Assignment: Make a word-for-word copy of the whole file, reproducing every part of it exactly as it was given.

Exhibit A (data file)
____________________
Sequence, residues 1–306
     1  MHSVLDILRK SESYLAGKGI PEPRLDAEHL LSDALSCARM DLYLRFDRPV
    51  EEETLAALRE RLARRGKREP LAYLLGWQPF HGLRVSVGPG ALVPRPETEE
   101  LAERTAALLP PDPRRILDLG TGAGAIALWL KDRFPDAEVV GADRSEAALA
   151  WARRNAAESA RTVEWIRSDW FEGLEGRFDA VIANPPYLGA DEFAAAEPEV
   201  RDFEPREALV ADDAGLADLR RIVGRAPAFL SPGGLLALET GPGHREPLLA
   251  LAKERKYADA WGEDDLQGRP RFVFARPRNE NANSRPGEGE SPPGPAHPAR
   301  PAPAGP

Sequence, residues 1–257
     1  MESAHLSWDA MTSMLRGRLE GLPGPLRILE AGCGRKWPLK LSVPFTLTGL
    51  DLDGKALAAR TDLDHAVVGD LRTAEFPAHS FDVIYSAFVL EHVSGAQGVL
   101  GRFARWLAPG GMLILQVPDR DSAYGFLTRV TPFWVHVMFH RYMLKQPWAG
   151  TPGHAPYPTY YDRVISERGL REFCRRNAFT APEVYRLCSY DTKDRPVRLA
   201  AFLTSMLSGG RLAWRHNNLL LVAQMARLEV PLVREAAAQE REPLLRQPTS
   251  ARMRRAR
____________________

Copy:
Sequence, residues 1–306
     1  MHSVLDILRK SESYLAGKGI PEPRLDAEHL LSDALSCARM DLYLRFDRPV
    51  EEETLAALRE RLARRGKREP LAYLLGWQPF HGLRVSVGPG ALVPRPETEE
   101  LAERTAALLP PDPRRILDLG TGAGAIALWL KDRFPDAEVV GADRSEAALA
   151  WARRNAAESA RTVEWIRSDW FEGLEGRFDA VIANPPYLGA DEFAAAEPEV
   201  RDFEPREALV ADDAGLADLR RIVGRAPAFL SPGGLLALET GPGHREPLLA
   251  LAKERKYADA WGEDDLQGRP RFVFARPRNE NANSRPGEGE SPPGPAHPAR
   301  PAPAGP

Sequence, residues 1–257
     1  MESAHLSWDA MTSMLRGRLE GLPGPLRILE AGCGRKWPLK LSVPFTLTGL
    51  DLDGKALAAR TDLDHAVVGD LRTAEFPAHS FDVIYSAFVL EHVSGAQGVL
   101  GRFARWLAPG GMLILQVPDR DSAYGFLTRV TPFWVHVMFH RYMLKQPWAG
   151  TPGHAPYPTY YDRVISERGL REFCRRNAFT APEVYRLCSY DTKDRPVRLA
   201  AFLTSMLSGG RLAWRHNNLL LVAQMARLEV PLVREAAAQE REPLLRQPTS
   251  ARMRRAR